While prices for many physical commodities tend to revolve around supply-demand data, gold needs to be treated more like a financial market that responds to fear and anxiety. Gold prices typically move higher in times of crisis and panic. A stock market crash, an unexpected war or terror attacks can lead to a buying frenzy in gold because traders view it as a safe haven and preferable to own instead of paper assets.

Gold prices usually move higher during periods of high inflation, which tend to bring on higher interest rates. Gold futures prices also have an inverse relationship with the price of the U.S. dollar, because gold and other key commodities like oil are priced in dollars. If the value of the dollar declines over time, the price of gold should rise.

Gold Trading Information

Because of its role in world markets and economies, gold is the subject of many financial articles and presentations by the media, and many of the news events reported by the financial press have a bearing on the price of gold. Numerous newsletters and internet web sites advocate investments in gold and hard assets or investments in penny stock gold mining companies.

Gold Trading Supply and Demand

In addition to data and information available from the exchanges and from government sources, a number of organizations offer materials related to gold production, consumption and other statistics and other resources that may interest the gold trader.

Two of them are:

  • The National Mining Association, based in Washington, D.C., is a national trade organization of 325 corporations that represents the interests of all aspects of the mining industry including coal, metal and industrial mineral producers, mineral processors, equipment manufacturers, bulk transporters, etc. (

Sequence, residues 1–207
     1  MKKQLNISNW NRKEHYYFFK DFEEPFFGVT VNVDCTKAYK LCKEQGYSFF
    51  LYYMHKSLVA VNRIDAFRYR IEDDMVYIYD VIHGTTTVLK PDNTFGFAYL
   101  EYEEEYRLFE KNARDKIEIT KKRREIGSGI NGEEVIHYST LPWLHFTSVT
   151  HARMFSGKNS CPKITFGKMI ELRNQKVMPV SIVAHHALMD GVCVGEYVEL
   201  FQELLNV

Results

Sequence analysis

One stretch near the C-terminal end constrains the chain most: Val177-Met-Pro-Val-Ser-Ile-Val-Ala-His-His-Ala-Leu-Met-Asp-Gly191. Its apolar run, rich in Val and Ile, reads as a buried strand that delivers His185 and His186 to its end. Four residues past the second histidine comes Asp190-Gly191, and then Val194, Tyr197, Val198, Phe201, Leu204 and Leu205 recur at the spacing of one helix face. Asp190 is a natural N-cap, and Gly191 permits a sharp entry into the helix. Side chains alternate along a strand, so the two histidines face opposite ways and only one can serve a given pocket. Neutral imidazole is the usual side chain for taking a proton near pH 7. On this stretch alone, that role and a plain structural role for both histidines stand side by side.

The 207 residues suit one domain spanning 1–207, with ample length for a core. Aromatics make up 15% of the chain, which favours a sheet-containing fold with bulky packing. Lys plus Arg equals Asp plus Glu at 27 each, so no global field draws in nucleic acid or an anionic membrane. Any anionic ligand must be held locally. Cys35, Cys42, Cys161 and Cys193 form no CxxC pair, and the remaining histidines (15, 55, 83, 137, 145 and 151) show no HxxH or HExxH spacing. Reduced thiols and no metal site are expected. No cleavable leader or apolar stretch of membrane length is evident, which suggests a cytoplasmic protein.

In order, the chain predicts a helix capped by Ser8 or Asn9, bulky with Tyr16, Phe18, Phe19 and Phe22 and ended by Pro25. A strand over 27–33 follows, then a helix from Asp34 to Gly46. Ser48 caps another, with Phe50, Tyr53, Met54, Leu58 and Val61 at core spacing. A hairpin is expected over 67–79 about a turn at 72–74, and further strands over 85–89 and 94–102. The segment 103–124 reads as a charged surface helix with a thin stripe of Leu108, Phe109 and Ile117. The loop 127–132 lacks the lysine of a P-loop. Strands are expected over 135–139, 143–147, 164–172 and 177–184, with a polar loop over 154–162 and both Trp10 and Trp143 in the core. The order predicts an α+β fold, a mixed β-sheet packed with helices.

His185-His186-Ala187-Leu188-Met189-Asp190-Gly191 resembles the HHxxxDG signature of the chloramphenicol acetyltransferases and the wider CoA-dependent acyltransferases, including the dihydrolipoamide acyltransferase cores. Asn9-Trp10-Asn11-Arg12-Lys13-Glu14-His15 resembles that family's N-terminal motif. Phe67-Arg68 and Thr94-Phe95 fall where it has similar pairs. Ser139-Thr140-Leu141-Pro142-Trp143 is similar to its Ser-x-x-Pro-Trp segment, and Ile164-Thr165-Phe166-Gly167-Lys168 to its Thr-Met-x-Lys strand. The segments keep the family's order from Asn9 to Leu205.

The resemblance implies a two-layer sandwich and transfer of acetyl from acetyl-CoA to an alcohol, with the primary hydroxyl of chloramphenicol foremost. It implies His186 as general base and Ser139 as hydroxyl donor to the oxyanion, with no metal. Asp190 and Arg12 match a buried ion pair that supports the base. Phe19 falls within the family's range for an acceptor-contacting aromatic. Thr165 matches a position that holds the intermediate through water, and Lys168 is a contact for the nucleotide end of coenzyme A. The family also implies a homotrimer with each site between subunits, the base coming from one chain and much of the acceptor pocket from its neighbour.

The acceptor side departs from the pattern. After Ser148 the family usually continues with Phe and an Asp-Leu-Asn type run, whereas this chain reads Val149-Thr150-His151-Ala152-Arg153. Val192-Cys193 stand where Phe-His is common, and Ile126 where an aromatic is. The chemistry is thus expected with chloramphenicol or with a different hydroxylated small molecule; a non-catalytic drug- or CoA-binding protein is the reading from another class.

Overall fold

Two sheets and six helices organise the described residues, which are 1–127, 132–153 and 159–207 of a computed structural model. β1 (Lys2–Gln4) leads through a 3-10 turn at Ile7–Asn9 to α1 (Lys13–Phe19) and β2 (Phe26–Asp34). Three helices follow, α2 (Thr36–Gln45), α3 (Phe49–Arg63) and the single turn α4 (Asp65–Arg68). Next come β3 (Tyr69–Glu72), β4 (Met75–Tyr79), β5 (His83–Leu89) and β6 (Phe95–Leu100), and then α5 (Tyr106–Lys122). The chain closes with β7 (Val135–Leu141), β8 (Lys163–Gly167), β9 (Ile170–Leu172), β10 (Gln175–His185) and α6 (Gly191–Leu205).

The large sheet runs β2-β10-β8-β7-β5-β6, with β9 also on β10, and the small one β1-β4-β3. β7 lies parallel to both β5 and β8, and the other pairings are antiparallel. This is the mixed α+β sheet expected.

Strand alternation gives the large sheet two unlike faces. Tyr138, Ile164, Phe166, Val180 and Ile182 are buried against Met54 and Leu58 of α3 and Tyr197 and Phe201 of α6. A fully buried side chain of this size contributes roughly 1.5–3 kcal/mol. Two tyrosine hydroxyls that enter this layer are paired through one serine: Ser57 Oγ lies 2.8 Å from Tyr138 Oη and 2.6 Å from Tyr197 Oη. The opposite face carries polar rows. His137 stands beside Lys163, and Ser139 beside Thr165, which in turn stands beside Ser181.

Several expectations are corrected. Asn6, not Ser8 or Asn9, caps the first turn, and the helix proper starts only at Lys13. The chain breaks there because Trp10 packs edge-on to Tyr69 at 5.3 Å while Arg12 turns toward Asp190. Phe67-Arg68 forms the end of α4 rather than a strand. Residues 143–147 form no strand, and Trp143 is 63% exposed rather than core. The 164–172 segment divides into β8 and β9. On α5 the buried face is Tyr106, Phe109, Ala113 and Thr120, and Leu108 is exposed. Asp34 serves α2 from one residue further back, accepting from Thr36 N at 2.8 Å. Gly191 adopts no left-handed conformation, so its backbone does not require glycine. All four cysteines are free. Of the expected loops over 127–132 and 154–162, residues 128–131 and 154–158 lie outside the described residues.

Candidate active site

• The World Gold Council, founded in 1987, is an organization formed and funded by the world’s leading gold mining companies operating on six continents with the aim of stimulating and maximizing the demand for, and holding of, gold. It offers a number of resources on gold supply/demand and why, how and where to invest in gold.

Gold Trading History

Gold trading has existed for centuries and has been a keystone for economies throughout history, continuing to have global financial impacts today. Gold has not only been a means of exchange but also is regarded as a store of value and an excellent hedge against inflation.

In addition to being a monetary commodity, gold has a number of uses in jewelry, dentistry, etc. and is also an important industrial commodity because it is an excellent conductor of electricity and is extremely resistant to corrosion, making it critically important in electronics and other high-tech applications.

Gold is one of those markets that provide a wide range of viable investment vehicles for almost any type of investor. In addition to the physical gold itself in the form of gold bullion or gold coins, investors can express their opinions about the outlook for gold prices in gold futures and options, stocks of companies involved in metals and mining including the gold mining penny stocks and gold exchange-traded funds.